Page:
Many times when I start working with a client, the first thing the client brings up is keywords. Some of them will say “I know all about keywords, my friend told me. I went on keyword tool yada, yada, yada”. Obviously, keyword research and keyword SEO is not that simple. If it were, I’d still be working for the Post Office. When it comes to SEO and how keywords affect SEO, there are things you have to consider. Let’s look at a few.

What is the goal? This is important because the goals for SEO and PPC (pay-per-click) are different. In SEO, you’re looking for the keyword, yes singular, one word, that best describes the content of the page. The keyword can be a string of words but should be concise and descriptive. Ask yourself “What words do my possible prospects use to search for the product or service this page describes? What word or string of words do they use when they’re searching for someone who does what I do?

For PPC, your goal is different. You are looking for keywords that you can bid on. The key is to find words that are profitable. You want words that represent a product or service that you can profit from and has the potential to earn you significant money at the lowest possible cost. This is where keyword competition is important. You must decide which words will work best for you in a cost-per-click environment. There are exceptions, but usually you should focus on keywords that you can’t easily get ranked for in organic SEO.

Staying with PPC for a minute, once you have your keyword you need to place it your ad groups, your campaigns, ad copy, and your landing page. To keep a high quality score you have to keep the correlation between each aspect of your campaign very tight. And that’s about all there is to say about PPC for now.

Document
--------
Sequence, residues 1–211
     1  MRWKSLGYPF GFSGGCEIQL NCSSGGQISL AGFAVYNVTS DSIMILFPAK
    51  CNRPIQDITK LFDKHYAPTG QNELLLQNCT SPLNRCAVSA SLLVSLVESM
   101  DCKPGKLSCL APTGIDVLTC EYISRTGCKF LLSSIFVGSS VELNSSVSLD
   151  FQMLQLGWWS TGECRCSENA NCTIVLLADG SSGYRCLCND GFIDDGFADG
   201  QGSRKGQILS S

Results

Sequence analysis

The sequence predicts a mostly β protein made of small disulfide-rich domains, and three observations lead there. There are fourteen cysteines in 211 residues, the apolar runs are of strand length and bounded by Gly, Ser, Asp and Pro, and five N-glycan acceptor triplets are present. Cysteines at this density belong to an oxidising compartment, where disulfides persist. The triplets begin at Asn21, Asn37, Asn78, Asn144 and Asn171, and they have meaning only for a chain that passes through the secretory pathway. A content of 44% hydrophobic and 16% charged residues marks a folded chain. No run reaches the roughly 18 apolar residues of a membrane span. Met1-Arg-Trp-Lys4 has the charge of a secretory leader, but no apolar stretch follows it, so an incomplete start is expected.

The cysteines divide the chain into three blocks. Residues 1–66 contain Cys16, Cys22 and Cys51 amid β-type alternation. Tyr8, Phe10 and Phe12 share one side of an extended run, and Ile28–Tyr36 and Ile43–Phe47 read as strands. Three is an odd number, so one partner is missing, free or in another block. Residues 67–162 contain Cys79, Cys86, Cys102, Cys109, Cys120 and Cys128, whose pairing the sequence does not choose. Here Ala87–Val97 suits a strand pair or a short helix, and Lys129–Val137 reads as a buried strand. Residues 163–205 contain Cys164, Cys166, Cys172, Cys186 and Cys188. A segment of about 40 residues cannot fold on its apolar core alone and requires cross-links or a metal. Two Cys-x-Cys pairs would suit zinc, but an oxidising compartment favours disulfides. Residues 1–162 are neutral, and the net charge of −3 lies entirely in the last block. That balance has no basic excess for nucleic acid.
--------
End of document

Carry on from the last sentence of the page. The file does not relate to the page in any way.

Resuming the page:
In SEO, another question that comes up is keyword density. We’ve written before about keyword placement; meta tags, H1 tags, H2 tags, alt tags, paragraph position and so on. But how often should your keyword appear on a page? Unfortunately, just as in SEO, there is no clear cut answer. According to Google, there is no set percentage that will maximize your results or punish you for going too far. Essentially, Google’s rule is “Don’t annoy the reader”. According to Matt Cutts, head of Google’s Webspam Team “The way that modern search engines, or at least Google, are built is that the first time you mention a word, you know, ‘Hey, that’s pretty interesting. It’s about that word.’ The next time you mention that word, ‘oh, OK. It’s still about that word.’ And once you start to mention it a whole lot, it really doesn’t help that much more. There are diminishing returns. It’s just an incremental benefit, but it’s really not that large.” Cutt’s point was that the text flow on your webpage should be natural and not artificially stuffed with keywords..

So we really don’t have a specific per cent number from Google, but according to Sean Si of Seo-hacker, different search engines have different standards. Using analysis from, he determined that Google’s density tolerance was 1-2%. Yahoo’s was 3%. My feeling is that if you’re in the 1.5% to 2.5% range you’re probably fine. Avoid keyword stuffing, sticking your keyword anywhere or writing text in bad English or in a nonsensical way simply to cram the keyword into the text. That strategy will backfire.